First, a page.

Since we have previously shown the benefit to use 3D alginate culture to favor chondrocyte differentiation and to study their biology, we hypothesized that a similar model could permit to culture chondrosarcomas and preserve their chondrogenic phenotype. In the present study, we evaluated the use of this 3D culture system to study chondrosarcoma biology and predict drug response. We validated as null hypothesis that cisplatin has no cytotoxicity in this 3D model, before testing another putative anti-tumoral drug, namely DZNep, which has been shown to induce apoptosis in chondrosarcomas cultured in monolayer. Cytotoxicity in 3D models was compared to in vivo results.
], JJ012 [
], and SW1353 (from ATCC) chondrosarcoma cell lines were cultured in Roswell Park Memorial Institute 1640’s medium (RPMI 1640) or Dulbecco’s Modified Eagle Medium (DMEM) (Lonza AG, Verviers, Belgium), respectively, supplemented with 10% (
/v) fetal bovine serum (FBS) (Lonza AG), penicillin and streptomycin, and then incubated at 37 °C in a humidified atmosphere containing 5% CO
. Cells were passaged twice a week.
For 3D culture, cells were suspended at a density of 2 × 10
cells/mL in sodium alginate. Beads were formed as previously described [
] by dispensing drops of the suspension from a 22-gauge needle in sterile CaCl
100 mM. Thereafter, the beads were washed with NaCl 0.15 M and incubated in DMEM or RPMI according to chondrosarcoma cell lines. Photographies were taken using AxioCam MRc5 camera (Zeiss) under VisiScope series 400 microscope (VWR). For some experiments, beads were dissolved using a dissociation solution (55 mM sodium citrate, 150 mM NaCl) before cell harvesting by centrifugation.
Viability and proliferation assay
Viability and proliferation of chondrosarcomas were estimated for 8 weeks after cell-embedding in alginate beads by measurement of ATP, using the Cell Titer-Glo luminescent cell viability assay kit (Promega, Charbonnieres les bains, France). Cells were lysed directly inside beads according to the manufacturer’s instructions. Luminescence was measured using Victor 3 1420 Multilabel Counter (Perkin Elmer, Villebon-sur-Yvette, France). All experiments were repeated 4 times.
Alternatively, cells were counted after bead dissociation. Ten alginate beads were dissolved, and cells were gently harvested. Then, viable cells were counted using Countess II (Life Technologies) after trypan blue exclusion. Three independent experiments were performed.
After dissolution of alginate, cells were stained with phycoerythrin (PE)-conjugated antibody directed against APO2.7 (clone 2.7 7A6) according to the manufacturer’s condition (Beckman Coulter, Villepinte, France) as previously reported [
]. Cell fluorescence was measured using Gallios flow cytometer (Beckman Coulter, Villepinte, France) on the technical platform of SFR 146 (Structure Federative de Recherche 146, Caen, France). A minimum of 10,000 events were analyzed in each sample using Kaluza 1.5a software. Three independent experiments were performed.
RNA isolation and real-time reverse transcription-polymerase chain reaction (RT-PCR)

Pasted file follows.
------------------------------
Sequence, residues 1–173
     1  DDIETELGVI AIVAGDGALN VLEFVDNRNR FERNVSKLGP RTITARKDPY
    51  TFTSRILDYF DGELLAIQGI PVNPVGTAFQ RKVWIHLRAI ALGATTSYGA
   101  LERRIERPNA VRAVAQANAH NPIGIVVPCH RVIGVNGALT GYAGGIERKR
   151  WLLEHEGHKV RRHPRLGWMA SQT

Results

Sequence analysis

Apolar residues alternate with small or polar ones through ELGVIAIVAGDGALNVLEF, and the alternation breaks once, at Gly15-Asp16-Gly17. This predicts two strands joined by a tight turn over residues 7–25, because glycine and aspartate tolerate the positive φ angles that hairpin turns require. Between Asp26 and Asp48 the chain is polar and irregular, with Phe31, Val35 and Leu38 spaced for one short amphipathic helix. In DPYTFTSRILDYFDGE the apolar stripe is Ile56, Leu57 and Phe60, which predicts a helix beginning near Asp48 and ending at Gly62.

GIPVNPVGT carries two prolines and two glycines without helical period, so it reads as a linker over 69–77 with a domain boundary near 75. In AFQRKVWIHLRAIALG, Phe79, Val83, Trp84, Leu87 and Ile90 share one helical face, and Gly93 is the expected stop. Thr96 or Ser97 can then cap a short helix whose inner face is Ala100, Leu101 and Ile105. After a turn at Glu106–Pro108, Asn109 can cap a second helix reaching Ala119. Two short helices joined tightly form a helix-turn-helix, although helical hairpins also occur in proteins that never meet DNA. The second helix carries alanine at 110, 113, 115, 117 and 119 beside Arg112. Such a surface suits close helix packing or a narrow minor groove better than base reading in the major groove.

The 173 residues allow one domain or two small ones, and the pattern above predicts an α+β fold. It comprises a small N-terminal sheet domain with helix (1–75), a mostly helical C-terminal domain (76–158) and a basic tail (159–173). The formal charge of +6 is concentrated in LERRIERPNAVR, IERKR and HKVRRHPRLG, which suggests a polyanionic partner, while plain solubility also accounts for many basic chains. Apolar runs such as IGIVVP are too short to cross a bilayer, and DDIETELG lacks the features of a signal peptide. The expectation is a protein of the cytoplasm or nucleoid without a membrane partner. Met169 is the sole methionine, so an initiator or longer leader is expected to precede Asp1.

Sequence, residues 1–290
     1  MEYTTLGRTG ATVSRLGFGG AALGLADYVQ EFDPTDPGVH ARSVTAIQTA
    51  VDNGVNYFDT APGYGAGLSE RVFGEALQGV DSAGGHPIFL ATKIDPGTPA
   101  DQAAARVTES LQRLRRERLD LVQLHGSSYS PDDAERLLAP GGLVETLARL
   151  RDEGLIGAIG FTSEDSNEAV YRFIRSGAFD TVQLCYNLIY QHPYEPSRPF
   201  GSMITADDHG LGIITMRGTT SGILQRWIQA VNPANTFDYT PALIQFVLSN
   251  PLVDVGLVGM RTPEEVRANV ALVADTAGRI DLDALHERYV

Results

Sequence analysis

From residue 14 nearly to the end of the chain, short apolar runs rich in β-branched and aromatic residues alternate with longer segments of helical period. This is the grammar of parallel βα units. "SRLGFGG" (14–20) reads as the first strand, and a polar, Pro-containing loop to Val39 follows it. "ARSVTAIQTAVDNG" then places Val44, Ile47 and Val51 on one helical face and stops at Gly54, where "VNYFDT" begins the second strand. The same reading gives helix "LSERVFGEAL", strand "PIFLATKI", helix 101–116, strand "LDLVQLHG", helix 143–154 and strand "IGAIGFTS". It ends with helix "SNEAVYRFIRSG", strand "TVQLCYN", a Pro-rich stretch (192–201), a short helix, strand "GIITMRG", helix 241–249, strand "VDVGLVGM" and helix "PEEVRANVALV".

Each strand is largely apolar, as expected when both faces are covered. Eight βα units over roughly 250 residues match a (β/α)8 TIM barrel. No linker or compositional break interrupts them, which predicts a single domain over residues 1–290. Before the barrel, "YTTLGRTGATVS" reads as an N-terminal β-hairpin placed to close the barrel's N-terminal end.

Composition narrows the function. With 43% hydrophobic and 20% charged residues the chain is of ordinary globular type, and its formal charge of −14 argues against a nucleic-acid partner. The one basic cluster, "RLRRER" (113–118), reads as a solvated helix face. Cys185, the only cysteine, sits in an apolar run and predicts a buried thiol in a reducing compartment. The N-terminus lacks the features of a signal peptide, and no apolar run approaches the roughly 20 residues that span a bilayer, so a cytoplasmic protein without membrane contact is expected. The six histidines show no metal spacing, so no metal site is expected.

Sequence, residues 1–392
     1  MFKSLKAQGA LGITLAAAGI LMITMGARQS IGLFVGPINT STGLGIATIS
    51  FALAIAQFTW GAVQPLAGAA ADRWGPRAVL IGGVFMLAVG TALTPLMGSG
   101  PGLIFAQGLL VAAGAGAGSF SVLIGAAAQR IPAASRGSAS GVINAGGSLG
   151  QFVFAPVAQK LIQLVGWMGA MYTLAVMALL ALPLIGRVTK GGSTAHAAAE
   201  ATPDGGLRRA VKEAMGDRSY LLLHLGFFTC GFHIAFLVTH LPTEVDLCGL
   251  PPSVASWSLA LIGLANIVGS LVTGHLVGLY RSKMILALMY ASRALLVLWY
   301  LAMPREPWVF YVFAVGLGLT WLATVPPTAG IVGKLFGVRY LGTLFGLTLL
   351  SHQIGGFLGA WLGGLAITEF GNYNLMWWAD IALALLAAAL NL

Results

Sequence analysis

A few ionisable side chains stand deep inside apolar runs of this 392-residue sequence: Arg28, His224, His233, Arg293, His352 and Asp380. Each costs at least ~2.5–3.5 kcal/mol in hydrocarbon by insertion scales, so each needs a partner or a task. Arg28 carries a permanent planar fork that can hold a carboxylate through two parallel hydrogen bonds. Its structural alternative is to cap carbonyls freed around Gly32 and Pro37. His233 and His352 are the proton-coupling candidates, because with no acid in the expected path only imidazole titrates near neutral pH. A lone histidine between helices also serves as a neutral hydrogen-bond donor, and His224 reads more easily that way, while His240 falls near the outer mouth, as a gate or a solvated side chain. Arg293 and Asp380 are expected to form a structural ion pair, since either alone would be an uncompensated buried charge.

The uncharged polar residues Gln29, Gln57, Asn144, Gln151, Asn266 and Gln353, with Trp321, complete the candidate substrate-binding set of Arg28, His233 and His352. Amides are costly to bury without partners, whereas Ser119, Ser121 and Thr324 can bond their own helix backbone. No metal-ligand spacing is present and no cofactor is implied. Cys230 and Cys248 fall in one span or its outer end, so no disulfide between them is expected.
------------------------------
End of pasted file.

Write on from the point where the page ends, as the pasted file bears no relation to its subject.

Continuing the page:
RNA were extracted using Trizol (Invitrogen, Cergy-Pontoise, France). For monolayer cultures, Trizol was directly added to cell layer in the culture dish. For 3D culture, ten alginate beads were dissolved in 55 mM sodium citrate, 150 mM NaCl and gently centrifuged, before adding Trizol on the cell pellet. Next, extraction was performed according to the manufacturer’s conditions (Invitrogen, Cergy-Pontoise, France). Thereafter, RNA (1 μg) was treated with DNAse-I (Invitrogen, Cergy-Pontoise, France), and reverse transcribed into cDNA in the presence of oligodT and Moloney murine leukemia virus reverse transcriptase (MMLV-RT). The reaction was carried out at 37 °C for 1 h followed by a further 10-min step at 95 °C. Amplification of the generated cDNA was performed by real-time PCR in Step One Plus Real Time PCR apparatus (Applied Biosystems) with appropriate primers. The relative mRNA level was calculated with the 2
Cell invasion assay
To evaluate invasion ability of chondrosarcomas, cells were embedded in alginate beads. After 1, 2 or 3 weeks of 3D cultures, beads were transferred in a new culture dishes (15 or 20 beads/well), then incubated for additional 4 days. At the end of that culture period, cells adhering to the bottom of the culture dishes were counted. Invasion ability was evaluated as the number of adherent cells divided by number of beads present in the culture dish. All experiments were repeated three times.
Drug treatments and cell viability
cis-diammineplatinum(II) dichloride] was purchased from Sigma Aldrich (St Quentin Fallavier, France) and dissolved in DMSO. DZNep-HCl was purchased from Tocris (Lille, France) and dissolved in PBS.
Based on previous works, cells were treated for 3 days with cisplatin (10 μM), or for 14 days with DZNep (1 μM). The medium was changed twice during the treatment of DZNep (day 5 and 10). This condition has been defined as dose and time-treatment sufficient to induce apoptosis in chondrosarcomas. Experiments were performed in 96-well plates (1 bead per well).
After treatments, cell viability was estimated using the Cell Titer-Glo luminescent cell viability assay kit. Luminescence was measured using Victor 3 1420 Multilabel Counter (Perkin Elmer, Villebon-sur-Yvette, France).
Xenograft of chondrosarcomas in nude mice
Animal experimental procedures were performed according to local legislation, and procedures were approved by ethics committee (Comité d’Ethique de Normandie en Matière d’Expérimentation Animale, agreement #03968.01). Mice were provided and kept in the animal facility (Centre Universitaire de Ressources Biologiques, Caen, France) under controlled temperature and light conditions (temperature 23 ± 2 °C, 12 h reversed light-dark cycle). Animals had ad libitum access to food and water. Each animal was humanely handled throughout the experiment in accordance with internationally accepted ethical principles for laboratory animal use and care, and all efforts were made to minimize animal suffering. Euthanasia was performed using CO
Nude mice (11 weeks old, males) were injected subcutaneously with 100 μl of matrigel containing 10